John P. SmithJohn P. Smith was born September 7th 1850 and died December 13th 1911, aged 61 years, 3 months and 3 days. He was married to Ellen Moorehouse September 9th 1879, and to this union were born fourteen children, five of whom have passed from this world of sorrow to the sweet home of the blest. He leaves a widow and nine children to mourn his loss of a departed husband and father.

Mr. Smith was a member of the Christian Church and lived a true and devoted Christian until his death. He was ever ready to do his part and his loss will be keenly felt by all who know him. To the bereaved ones we would say may his memory sweeten your life and may you so live that at last you will all meet again on the other side where no parting words shall ever be spoken.

Farewell Father! We will miss you when our span of life is fled. And with smiles and songs will greet you, where no farewell tears are shed. How sad to stand around him when they raised the coffin lid, For the last look to be taken and and then be forever hid. At the close of that sad evening as the sun sinks in the west They lowered the still cold body down to its final rest.

T.J. Dennis Alonzo Wright Alonzo L. Wright was born December 13, 1879 and died August 28, 1921, making his age 42 years, 4 months and 15 days. On April 20, 1910 he was united in marriage to Miss Ora Hough. To this union were born seven children, five daughters and two sons. Three daughters and one son preceded him into the Great Beyond.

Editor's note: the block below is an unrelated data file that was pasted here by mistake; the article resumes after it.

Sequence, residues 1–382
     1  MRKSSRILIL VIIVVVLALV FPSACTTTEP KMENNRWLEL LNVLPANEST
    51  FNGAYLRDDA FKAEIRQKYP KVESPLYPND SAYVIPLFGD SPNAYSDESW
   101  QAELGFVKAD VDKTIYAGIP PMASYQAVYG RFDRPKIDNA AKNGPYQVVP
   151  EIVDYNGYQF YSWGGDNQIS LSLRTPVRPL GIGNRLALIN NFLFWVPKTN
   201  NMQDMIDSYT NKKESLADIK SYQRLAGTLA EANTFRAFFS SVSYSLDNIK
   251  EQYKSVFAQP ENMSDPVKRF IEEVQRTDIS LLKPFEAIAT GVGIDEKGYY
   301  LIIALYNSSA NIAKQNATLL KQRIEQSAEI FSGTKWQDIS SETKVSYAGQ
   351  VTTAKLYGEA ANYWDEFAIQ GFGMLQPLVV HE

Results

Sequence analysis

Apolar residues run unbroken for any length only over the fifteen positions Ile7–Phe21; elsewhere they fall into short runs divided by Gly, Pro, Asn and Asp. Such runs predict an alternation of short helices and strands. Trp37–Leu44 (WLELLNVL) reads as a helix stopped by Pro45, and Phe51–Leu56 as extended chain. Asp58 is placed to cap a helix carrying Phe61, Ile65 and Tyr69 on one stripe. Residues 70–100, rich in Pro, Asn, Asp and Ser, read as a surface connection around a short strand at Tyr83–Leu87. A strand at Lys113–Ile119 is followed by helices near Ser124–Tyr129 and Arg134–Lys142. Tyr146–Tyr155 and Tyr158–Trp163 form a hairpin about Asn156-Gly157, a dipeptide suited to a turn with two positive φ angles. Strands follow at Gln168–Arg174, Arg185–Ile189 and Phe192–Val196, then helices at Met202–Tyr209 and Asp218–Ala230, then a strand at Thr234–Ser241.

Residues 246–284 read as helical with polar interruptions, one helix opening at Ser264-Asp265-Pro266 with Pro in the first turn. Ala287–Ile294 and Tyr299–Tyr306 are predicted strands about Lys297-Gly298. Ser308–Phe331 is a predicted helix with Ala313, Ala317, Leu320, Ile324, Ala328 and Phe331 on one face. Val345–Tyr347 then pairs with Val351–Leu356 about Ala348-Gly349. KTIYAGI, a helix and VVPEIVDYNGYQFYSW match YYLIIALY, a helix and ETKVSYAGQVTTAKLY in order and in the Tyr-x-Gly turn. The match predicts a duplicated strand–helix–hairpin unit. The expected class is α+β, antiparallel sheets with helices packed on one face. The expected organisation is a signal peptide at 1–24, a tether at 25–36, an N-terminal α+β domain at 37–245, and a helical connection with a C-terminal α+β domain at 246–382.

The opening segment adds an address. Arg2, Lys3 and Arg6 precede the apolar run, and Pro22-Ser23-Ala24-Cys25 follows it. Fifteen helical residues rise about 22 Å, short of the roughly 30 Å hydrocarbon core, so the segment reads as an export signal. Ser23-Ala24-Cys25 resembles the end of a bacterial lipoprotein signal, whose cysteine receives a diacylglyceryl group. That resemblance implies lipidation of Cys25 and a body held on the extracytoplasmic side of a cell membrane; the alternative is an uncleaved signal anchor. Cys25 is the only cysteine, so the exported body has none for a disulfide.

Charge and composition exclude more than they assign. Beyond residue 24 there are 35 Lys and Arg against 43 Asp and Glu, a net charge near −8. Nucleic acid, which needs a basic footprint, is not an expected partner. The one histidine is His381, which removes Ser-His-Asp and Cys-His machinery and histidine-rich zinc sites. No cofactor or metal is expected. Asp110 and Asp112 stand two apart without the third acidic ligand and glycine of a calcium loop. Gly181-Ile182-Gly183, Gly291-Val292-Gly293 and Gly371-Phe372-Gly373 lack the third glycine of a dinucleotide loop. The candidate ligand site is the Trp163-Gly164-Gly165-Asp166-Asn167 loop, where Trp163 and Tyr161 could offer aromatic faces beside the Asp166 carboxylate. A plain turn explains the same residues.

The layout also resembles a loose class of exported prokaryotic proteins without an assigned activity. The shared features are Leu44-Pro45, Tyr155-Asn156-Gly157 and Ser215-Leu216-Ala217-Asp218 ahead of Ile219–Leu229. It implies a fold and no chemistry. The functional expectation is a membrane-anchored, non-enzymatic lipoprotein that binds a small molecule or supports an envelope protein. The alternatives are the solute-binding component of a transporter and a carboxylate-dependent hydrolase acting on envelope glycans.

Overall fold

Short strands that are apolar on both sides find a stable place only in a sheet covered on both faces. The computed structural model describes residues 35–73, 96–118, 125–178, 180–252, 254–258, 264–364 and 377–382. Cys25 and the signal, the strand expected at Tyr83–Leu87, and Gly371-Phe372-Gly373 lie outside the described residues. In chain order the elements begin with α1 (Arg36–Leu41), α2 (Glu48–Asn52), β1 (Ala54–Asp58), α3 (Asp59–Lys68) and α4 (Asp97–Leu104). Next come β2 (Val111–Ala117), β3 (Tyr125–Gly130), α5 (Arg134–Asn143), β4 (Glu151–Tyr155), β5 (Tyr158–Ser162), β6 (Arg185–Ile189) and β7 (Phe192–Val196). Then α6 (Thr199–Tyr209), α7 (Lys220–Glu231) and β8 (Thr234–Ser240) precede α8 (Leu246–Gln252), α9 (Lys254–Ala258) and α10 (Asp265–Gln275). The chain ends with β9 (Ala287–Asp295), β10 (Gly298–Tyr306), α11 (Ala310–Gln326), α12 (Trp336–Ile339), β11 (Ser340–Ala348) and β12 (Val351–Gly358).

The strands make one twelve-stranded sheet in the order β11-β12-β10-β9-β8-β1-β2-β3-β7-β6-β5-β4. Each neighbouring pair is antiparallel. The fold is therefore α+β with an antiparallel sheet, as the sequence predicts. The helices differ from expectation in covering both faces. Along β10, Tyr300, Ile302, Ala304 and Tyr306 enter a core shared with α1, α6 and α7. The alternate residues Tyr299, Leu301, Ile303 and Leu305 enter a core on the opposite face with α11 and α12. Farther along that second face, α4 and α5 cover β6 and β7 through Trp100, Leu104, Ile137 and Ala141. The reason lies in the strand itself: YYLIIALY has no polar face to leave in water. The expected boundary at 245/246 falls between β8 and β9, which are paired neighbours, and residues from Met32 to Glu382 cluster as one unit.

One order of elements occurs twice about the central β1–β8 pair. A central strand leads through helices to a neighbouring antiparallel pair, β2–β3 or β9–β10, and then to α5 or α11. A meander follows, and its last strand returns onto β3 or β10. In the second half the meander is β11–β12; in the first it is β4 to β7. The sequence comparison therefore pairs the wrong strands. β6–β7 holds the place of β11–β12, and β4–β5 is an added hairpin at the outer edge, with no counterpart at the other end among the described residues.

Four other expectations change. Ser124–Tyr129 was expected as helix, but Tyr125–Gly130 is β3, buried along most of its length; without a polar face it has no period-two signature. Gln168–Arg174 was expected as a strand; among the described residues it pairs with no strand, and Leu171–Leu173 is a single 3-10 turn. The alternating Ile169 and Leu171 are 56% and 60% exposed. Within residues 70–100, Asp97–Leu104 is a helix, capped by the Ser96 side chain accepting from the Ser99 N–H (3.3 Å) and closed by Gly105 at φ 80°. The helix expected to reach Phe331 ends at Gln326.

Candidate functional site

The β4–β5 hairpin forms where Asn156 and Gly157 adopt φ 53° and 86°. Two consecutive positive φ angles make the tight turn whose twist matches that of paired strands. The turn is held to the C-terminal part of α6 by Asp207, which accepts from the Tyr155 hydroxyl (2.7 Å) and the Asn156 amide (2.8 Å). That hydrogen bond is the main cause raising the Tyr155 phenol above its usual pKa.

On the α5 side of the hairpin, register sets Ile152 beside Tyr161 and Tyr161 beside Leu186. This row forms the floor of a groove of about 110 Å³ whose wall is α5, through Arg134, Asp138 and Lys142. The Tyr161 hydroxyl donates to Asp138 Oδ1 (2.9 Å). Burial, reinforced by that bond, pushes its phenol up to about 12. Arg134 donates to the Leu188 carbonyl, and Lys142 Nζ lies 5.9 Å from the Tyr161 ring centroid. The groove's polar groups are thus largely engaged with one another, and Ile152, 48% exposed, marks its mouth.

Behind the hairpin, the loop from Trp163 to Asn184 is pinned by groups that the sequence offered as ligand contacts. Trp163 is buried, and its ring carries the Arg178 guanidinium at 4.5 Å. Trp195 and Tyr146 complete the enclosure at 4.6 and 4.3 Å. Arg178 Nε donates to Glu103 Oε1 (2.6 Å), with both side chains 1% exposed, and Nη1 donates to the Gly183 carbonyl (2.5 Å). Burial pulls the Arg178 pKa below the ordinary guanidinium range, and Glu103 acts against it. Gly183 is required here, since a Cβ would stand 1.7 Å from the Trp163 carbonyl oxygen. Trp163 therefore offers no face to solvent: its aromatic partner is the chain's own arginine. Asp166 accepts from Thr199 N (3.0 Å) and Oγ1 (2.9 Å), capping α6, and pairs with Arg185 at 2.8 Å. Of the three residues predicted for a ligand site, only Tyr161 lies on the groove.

He leaves to mourn for him his wife, one son, Victor and two daughters, Isabel and baby Josephine; two sisters and three brothers and a host of other relatives.

Funeral services were held at the Hough Chapel Monday, conducted by Rev. C.W. Green. The pallbearers were: 2 brothers, Herbert and LeRoy Wright and four brothers-in-law, Ernest, Ashford and Elva Hough and Arthur O'Quinn. The choir sang "Nearer My God, to Thee," "Will the Circle Be Unbroken," "Over There," "Saved by Grace" and "God Be with You till We Meet Again."

In his boyhood Mr. Wright gave his heart to Christ and has since lived a constant Christian life, always doing what he could to advance the causes of his Master. In the last hours of his life he prayed for the unsaved world. He died singing hymns of praise to his Master. Mr. Wright was a loving husband, father and brother, and an upright citizen.

The family have the sympathy of the entire community in their bereavement.

A FriendCatherine Hough(This part comes at the end)

Mrs. Hough was a woman held in high esteem by neighbors and friends.

She was a patient, kind and devoted wife and mother and her life was a pattern for her boys and girls.

She was a busy, useful woman and with all the cares of rearing a large family, she always found time to minister to the sick or needy in her community.

She leaves a host of friends who often will, "Sigh for the touch of a vanished hand, for the sound of a voice that is still."Mrs. J.B. Vermillion(This part closes the obituary)

In the passing of the pioneer women of Laclede County we lose those who have helped make life easier for the citizens of today.

The courage, faith and fortitude with which these women faced life's problems and helped them to rear such large families of girls and boys to be honest, industrious men and women have had a power for good that will be felt for years to come.

We would like to thank the following for sharing their memories with us: Mary Moore, Dorothy and Charlie McMicken, Ella and Ashford Hough, Myrtle and Elva Hough, Lois Beard, Hazel and Lavern Cravens, Lenora West and Helen Beard.


Copyright © 1981 BITTERSWEET, INC.